Security is an Illusion

Though security is an innate drive, in reality it is temporary at best.

Posted Feb 20, 2018

Artwork by Alexi Berry. Used with permission

Recently the idea of security in life has arisen in several aspects of my life. I read Rick Hanson’s weekly newsletter, Just One Thing, the post titled, “See Deep Wants”. In it he suggests looking at the underlying wants that are driving you (and others). One of the underlying drives he gives as an example is security.

This has also arisen in some of the therapy sessions I’ve had of late. I’ve had several clients, who when faced with losing a parent who they have perceived as a security blanket, suddenly faces a lack of security. The realization they have no one to fall back on leaves them distraught.

When facing with clients seeking security, there is a dilemma. On one hand, as an existential therapist, I’m of the belief that security is an illusion. On the other hand, I’m aware that those who are considered the healthiest psychologically have a sense of security. Generally speaking, married people have less suicide, mental health issues, and live longer than those not married. Those who have faith in religion have better psychological outcomes than those that do not. Marriage and religion, generally speaking, provide a sense of security.

Maslow places safety needs, which are related to security, as the second most important drive for humans, behind only physiological needs (air, food, water, to name a few). He recognized the innate human need to feel secure. Although Maslow described many safety needs, the ones most relevant to security are stability, dependency, and the need for law, order, and structure (Feist, Feist, Roberts).

I don’t believe in security. I perceive it as an illusion, one that humans are comfortable with, and which they delude themselves with until something shatters it. Helen Keller, in the first half of a frequently quoted statement, put it such: “Security is mostly a superstition. It does not exist in nature, nor do the children of men as a whole experience it.” Marriage is a common example of security, that as we all know, is sometimes shattered.

In discussion of this topic with loved ones, colleagues and students, the argument was posed that we have some control. People move to safer areas. They take precautions with their finances and their lives. We use seatbelts and have numerous safety devices built into our cars, if not our lives. This is undeniable. There is some element of control that we all have. At the same time, there are elements we have no control over.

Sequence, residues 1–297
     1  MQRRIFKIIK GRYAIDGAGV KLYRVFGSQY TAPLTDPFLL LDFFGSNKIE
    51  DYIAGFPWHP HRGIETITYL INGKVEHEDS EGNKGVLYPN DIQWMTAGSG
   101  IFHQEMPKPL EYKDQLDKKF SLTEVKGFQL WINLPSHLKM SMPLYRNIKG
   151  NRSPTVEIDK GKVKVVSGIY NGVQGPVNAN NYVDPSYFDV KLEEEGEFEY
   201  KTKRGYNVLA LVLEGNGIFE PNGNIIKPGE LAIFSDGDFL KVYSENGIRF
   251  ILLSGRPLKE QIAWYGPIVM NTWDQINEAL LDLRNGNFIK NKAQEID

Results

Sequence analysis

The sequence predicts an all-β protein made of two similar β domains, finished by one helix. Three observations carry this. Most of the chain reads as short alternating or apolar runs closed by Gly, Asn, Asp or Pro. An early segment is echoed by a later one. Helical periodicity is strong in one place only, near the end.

I always write my posts at least a week before publishing them. As I write and edit this, a tragic school shooting occurred only 30 miles from where I live. Parkland, FL. was considered the safest city in Florida in 2016. Certainly the residents had some sense of security. Tragically that was shattered. Students at the university where I teach, during a discussion, called for gun control or more help for the mentally ill. Of course there are measures that can be taken. But I can’t help but think as students and citizens alike attempt to find a solution to this type of tragedy, the effort is really just to restore their illusion of security. Research backs this up.

While I was researching for this post, I came across an article that claimed Transportation Security Administration (TSA) agents failed to catch 95% of the weapons smuggled by Inspector General testers (Koehler, R., 2016). A more recent article stated similar statistics at the Minneapolis Airport (Highberger, J., 2017). Yet the security measures we all endure when flying help us feel safe.

As a therapist I have seen many people who thought they had security have that sense whisked away by some sort of tragedy. Marriage, finances, job security, romantic relationships, family structure and friendships are all places where people have felt secure, only to have a realization it was an illusion.

Our days are similar enough, predictable enough, and safe enough that the illusion of security can seem more real than the reality. When something shakes one out of this false sense of security, he perhaps becomes acutely aware that security was but an illusion. As Windy Dryden puts it in her book, “much of life brings a gradual disillusionment and realization that such security can only be temporary.” (p.199).

Perhaps therein lies the solution. One must come to grips with security being illusory, or at best only temporary. One can enjoy the sense of security, while at the same time keeping in mind that it is an illusion, that the world is chaotic, and that at any time that sense of security may be stripped away. This is just another of the paradoxes of life, things that seem counter to one another because of the all or nothing, black or white perception that one’s brain attempts to fit everything into, yet exist simultaneously and in accordance. Though we certainly have some control that can make our lives more secure, perhaps it is as Helen Keller suggested in the second half of that often-quoted statement: “Avoiding danger is no safer in the long run than outright exposure. Life is either a daring adventure, or nothing.”

Copyright William Berry, 2018


Dryden, M., 2007, Dryden’s Handbook of Individual Therapy, Sage Publishing, Thousand Oaks, CA

Feist J., Feist G.J., Roberts, T., 2018, Theories of Personality, 9th Ed., McGraw-Hill Education, New York, N.Y

Hanson, R., 2018., See Deep Wants, Just One Thing Newsletter, retrieved from: on 2/13/18

Highberger, J., 2017, Minneapolis airport fails 95 percent of security tests, sources say, Fox 9, Retrieved from: on 2/16/18

Keller, H., 1957, Wikiquote, Retrieved from: on 2/13/18

Koehler, R. 2016, The Illusion of Security, Huffington Post, Retrieved from: on 2/13/18.

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